‘Are there any biblical examples where “after three days and three nights” may not mean exactly 72 hours? Yes, 1 Samuel 30 is an example. The account in this chapter is about David and the Amalekites, and certain events in the village of Ziklag. Verse one tells us that, “David and his men reached Ziklag on the third day” (emphasis ours throughout). Upon arriving at Ziklag, David encountered an Egyptian, the slave of an Amalekite. He told David, “My master abandoned me when I became ill three days ago” (verse 13). The account also says that the Egyptian had not eaten or drunk for “three days and three nights” (verse 12).
‘”On the third day” is not necessarily three full days. In fact, it would be less than 72 hours. “Three days ago” is equally vague, as it could be less than three full days. Yet, this time is equated with “three days and three nights.” Its certainly possible, or even probable, that we are not dealing with a full 72-hour period here. If that is the case, then “three days and three nights” could be an idiomatic expression that would refer to parts of three days. 1 Samuel 30 indicates that “three days and three nights” was an expression that did not necessarily mean a full 72 hours. Other examples where variants of the expression “three days” are used includes the following passages: Genesis 42:17-18 (”for three days” = “on the third day”); 2 Chronicles 10:5, 12 (”three days later” = “in three days”) and Esther 4:16-5:1 (”for three days” = “on the third day”).’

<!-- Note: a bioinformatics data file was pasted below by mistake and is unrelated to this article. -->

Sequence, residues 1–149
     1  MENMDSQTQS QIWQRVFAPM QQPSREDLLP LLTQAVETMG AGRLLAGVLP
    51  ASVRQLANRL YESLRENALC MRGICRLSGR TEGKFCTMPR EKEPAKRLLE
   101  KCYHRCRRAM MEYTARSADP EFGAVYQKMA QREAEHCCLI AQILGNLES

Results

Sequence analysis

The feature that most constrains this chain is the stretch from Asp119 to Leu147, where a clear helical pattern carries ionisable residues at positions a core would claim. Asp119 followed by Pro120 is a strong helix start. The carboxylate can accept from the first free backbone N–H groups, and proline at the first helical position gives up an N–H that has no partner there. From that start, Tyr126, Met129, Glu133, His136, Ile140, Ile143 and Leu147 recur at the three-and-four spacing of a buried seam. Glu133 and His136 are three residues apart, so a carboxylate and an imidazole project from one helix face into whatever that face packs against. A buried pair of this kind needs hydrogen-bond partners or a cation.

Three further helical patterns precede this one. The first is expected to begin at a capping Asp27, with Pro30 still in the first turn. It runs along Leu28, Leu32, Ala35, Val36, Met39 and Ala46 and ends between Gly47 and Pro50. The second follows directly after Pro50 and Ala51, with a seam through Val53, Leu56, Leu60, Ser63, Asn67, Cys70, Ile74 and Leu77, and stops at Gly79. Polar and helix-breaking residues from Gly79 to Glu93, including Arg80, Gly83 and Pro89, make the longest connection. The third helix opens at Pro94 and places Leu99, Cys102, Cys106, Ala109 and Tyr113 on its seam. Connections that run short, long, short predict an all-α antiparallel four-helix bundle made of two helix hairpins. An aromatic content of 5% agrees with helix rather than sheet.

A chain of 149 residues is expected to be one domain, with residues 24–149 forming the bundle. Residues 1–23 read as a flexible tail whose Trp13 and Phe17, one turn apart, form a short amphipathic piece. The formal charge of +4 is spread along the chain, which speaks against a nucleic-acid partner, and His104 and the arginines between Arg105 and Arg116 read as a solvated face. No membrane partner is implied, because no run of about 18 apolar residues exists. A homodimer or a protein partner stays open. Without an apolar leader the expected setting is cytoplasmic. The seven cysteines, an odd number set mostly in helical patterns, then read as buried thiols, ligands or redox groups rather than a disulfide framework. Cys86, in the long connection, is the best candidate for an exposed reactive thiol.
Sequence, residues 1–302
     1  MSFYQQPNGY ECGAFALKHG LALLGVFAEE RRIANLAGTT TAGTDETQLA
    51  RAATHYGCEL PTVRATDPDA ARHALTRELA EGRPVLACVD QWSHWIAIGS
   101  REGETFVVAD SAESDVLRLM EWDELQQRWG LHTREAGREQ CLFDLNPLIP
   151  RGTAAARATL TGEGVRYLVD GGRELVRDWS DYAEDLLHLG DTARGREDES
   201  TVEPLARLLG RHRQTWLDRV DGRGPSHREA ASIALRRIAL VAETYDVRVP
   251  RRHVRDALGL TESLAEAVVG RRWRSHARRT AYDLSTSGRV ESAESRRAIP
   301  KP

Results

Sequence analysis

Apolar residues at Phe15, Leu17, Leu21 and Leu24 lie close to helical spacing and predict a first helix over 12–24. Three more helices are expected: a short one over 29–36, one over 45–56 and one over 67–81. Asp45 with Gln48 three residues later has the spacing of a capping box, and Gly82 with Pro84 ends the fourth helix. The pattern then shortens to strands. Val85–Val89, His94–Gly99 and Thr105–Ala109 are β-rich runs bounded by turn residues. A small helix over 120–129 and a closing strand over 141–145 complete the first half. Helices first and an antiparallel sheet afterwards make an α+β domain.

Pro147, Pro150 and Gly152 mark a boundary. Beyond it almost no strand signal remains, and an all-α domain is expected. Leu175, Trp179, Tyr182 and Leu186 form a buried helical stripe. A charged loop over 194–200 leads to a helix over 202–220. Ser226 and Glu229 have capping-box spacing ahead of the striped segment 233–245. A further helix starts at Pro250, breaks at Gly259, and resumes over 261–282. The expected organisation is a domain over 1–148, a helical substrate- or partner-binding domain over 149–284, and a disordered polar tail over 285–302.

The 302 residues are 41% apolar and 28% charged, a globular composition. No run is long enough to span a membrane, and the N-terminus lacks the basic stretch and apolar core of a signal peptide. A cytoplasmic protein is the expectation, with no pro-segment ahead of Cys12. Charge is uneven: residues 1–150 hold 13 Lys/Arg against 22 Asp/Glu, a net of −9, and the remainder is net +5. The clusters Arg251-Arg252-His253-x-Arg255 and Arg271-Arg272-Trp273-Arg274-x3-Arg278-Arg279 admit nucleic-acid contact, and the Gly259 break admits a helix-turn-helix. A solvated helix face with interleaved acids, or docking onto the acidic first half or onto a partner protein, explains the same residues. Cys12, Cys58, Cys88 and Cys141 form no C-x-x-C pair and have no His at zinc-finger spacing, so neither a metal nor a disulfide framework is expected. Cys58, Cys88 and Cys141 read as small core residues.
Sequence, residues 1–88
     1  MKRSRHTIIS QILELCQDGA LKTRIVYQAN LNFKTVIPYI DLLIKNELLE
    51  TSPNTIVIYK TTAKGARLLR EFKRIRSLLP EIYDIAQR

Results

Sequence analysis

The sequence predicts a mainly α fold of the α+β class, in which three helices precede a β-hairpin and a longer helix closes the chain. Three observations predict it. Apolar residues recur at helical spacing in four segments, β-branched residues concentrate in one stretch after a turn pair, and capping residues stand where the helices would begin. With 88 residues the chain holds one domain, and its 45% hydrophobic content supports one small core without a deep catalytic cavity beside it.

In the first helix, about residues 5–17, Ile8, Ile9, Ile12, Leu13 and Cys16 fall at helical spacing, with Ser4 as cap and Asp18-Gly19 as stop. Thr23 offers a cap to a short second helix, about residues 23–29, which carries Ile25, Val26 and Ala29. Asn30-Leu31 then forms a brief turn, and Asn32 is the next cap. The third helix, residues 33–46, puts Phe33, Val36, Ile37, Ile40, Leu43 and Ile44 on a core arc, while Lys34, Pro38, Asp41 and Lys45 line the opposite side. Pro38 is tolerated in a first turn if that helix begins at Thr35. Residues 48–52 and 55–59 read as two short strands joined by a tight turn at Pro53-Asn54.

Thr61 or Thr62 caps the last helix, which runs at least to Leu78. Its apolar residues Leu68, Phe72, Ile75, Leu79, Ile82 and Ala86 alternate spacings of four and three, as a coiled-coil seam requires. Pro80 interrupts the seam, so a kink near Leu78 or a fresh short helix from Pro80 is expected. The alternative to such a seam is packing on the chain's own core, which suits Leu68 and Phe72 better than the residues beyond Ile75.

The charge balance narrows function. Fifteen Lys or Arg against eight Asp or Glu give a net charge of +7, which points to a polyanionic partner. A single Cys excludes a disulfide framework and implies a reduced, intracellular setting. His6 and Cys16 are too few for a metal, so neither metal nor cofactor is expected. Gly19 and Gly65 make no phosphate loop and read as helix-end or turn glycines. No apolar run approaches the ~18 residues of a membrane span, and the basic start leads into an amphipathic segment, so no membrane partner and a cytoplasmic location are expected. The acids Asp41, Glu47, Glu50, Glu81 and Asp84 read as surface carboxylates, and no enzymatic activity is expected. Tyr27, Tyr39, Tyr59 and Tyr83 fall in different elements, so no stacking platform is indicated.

Thanks for your input and examples. Is there any indication in the Samuel passage that the Egyptian slave really hadn’t eaten for three days and three nights? It seems he could have been telling the truth. But even if he was lying or exaggerating, it would be understandable under the circumstances. I’m less inclined to believe Jesus said ‘three days and three nights’ when what He meant was ‘three days’. I for one have never said ‘three nights’ when I meant ‘two nights’. Something to think about, anyway.